Just before they were burned at the stake at Oxford in 1555, Hugh Latimer famously said to Nicholas Ridley, “Play the man, Master Ridley; we shall this day light such a candle, by God’s grace, in England, as I trust shall never be put out.”
It would be nice to imagine that the auto de fe no longer occurs in university towns, but it does when someone dares challenge Darwinian evolution. And it does so on that topic more than any other — including global warming. Two writers in the Wall Street Journal, Raymond Tallis and Matt Ridley, show how hard it is for even fair-minded intellectuals to own up to the reality.
Evolution News & Views enjoyed the same insightful article by Raymond Tallis that I read in the weekend Journal — a review of books on the subject of brain vs. mind. ENV also came to the same conclusion: Raymond Tallis endorses Darwinian evolution only because he has to in today’s PC climate before he can proceed to assail its works. (Dr. Tallis is himself the author of Aping Mankind: Neuromania, Darwinitis and the Misrepresentation of Humanity.)
In similar fashion, Christian heretics (such as the “Jesus Seminar”) who want to demolish acceptance of key religious doctrines, such as the Virgin Birth or the resurrection, often begin their treatises by proclaiming their orthodox faith. Affirm what is required, then go your merry way.
The same issue of the Journal carries a fine piece by science writer Matt Ridley: “Is That Scientific Heretic a Genius — or a Loon?” Ridley probably does accept Darwin’s theory and even cites Darwin as a supposed victim of the “scientific establishment” of his day. Actually, if Darwin was a “victim” of the scientific establishment (or Einstein for that matter), then the term lacks any force. Both men were celebrated in their time.
But after using them as examples of persecution, Ridley proceeds to list a number of scientists who were not as fortunate as Darwin and really did endure ostracism or worse. His accounts are bracing. For example, Ridley cites Ignaz Semmelweiss, who discovered (before germ theory) that doctors who operated on dying patients or cadavers were spreading disease to pregnant women whom they subsequently assisted (without hand washing) to deliver their babies. For his efforts, Semmelweiss was driven out of his medical position in Vienna and into insanity by the persecution of the scientific establishment.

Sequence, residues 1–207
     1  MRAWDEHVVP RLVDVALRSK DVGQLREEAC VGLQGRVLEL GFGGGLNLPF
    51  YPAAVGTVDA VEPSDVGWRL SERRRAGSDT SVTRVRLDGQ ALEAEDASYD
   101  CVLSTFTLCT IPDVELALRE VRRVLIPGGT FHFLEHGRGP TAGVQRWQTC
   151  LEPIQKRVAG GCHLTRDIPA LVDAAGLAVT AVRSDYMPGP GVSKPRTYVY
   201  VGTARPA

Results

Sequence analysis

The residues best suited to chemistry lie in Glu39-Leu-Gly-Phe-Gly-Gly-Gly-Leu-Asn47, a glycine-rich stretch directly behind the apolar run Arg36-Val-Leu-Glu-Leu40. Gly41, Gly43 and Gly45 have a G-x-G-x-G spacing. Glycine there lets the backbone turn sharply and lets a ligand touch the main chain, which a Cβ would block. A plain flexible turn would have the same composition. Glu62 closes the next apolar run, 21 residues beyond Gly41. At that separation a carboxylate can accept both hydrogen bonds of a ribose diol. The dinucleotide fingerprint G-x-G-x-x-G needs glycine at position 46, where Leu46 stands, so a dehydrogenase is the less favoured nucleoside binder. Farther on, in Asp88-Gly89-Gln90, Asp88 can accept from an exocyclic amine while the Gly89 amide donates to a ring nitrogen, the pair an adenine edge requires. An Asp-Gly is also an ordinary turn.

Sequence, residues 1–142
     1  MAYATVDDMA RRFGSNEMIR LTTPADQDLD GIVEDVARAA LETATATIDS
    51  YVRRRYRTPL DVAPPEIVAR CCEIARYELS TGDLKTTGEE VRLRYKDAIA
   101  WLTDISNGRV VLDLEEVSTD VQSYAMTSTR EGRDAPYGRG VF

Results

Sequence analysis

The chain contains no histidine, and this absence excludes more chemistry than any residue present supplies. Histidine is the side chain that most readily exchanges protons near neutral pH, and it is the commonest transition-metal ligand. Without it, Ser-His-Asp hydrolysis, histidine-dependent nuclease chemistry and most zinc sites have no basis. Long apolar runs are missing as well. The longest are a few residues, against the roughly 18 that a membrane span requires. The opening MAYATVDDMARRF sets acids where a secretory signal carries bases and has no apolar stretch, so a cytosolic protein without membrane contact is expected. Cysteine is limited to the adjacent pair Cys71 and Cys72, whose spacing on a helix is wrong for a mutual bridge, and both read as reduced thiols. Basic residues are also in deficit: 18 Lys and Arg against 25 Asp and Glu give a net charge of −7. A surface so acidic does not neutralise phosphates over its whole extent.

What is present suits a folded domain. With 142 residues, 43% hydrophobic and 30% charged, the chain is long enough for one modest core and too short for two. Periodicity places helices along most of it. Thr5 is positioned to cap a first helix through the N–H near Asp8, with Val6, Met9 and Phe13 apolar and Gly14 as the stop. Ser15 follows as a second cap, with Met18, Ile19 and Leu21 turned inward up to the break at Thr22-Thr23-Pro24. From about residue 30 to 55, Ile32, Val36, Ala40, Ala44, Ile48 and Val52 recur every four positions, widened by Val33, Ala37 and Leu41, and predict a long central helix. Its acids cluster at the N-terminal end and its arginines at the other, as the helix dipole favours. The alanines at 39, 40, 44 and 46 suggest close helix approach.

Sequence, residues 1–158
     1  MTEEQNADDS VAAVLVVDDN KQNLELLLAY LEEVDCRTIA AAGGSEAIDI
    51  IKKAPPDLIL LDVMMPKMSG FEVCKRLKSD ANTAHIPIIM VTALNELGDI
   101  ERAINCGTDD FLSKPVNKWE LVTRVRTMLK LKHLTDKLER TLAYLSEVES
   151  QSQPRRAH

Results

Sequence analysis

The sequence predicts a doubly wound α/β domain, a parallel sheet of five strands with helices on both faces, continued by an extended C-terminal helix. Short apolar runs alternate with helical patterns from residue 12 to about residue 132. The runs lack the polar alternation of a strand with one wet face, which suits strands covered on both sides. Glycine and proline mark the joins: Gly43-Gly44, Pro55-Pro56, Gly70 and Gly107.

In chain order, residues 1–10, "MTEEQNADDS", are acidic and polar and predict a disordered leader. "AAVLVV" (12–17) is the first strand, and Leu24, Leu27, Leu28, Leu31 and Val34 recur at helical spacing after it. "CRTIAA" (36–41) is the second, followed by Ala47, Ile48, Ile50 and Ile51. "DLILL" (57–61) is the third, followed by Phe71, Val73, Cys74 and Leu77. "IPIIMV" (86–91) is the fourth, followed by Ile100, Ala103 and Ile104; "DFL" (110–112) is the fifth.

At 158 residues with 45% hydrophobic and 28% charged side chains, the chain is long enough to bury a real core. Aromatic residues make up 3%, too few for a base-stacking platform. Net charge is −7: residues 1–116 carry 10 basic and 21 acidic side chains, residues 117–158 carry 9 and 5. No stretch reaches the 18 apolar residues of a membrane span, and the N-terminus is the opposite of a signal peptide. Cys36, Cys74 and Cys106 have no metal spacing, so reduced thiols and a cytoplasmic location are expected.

Ridley also cites the case of Alfred Wegener, whose theory of continental drift was not embraced in his lifetime and suffered “an especially vehement attack by the eminent evolutionary biologist George Gaylord Simpson in 1943….Only in the 1960s, with the discovery of plate tectonics, was Wegener rehabilitated.”
These and other examples show that today’s scientific outcast may be tomorrow’s Nobel Prize winner (not that the Nobel is perfect, either). Ridley’s subtle message (and Tallis’, to some extent) is, don’t trust the scientific establishment to determine hard clad truths. Let rigorous testing and competition do so.
Yet, the establishment before whose statue of Darwin both Ridley and Tallis genuflect is exactly the source of persecution of Darwin doubters in the science community. At some point, future Tallis’ and Ridley’s will find the courage to point to their examples. It’s just not safe now.